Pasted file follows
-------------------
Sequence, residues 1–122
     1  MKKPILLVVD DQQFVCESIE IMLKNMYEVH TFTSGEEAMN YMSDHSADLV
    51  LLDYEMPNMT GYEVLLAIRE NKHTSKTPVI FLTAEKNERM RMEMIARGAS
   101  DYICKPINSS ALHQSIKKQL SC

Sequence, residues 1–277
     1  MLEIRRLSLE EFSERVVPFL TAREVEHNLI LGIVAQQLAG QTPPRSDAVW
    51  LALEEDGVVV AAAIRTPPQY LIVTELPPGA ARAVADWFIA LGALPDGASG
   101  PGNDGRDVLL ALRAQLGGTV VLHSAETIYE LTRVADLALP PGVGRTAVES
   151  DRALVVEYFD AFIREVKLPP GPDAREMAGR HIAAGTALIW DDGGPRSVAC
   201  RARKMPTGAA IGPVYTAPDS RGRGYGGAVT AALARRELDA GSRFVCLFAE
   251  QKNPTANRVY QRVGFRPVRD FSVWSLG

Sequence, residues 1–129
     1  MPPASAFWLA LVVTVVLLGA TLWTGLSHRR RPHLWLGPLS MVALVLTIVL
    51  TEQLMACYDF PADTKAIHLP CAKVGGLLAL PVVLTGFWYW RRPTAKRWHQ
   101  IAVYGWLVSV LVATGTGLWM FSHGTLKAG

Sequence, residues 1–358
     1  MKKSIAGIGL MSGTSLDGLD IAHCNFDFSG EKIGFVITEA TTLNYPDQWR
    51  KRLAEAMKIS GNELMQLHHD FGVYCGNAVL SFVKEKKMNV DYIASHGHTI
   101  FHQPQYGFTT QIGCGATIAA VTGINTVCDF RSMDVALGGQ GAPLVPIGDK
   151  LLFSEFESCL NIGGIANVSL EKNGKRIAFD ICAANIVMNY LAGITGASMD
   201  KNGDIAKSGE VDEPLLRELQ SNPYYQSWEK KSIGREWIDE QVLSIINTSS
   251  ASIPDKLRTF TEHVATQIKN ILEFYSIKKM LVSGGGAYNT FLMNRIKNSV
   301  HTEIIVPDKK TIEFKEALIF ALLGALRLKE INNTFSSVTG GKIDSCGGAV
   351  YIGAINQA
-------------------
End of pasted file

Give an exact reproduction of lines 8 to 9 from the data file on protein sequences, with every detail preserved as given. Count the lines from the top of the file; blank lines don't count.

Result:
   101  PGNDGRDVLL ALRAQLGGTV VLHSAETIYE LTRVADLALP PGVGRTAVES
   151  DRALVVEYFD AFIREVKLPP GPDAREMAGR HIAAGTALIW DDGGPRSVAC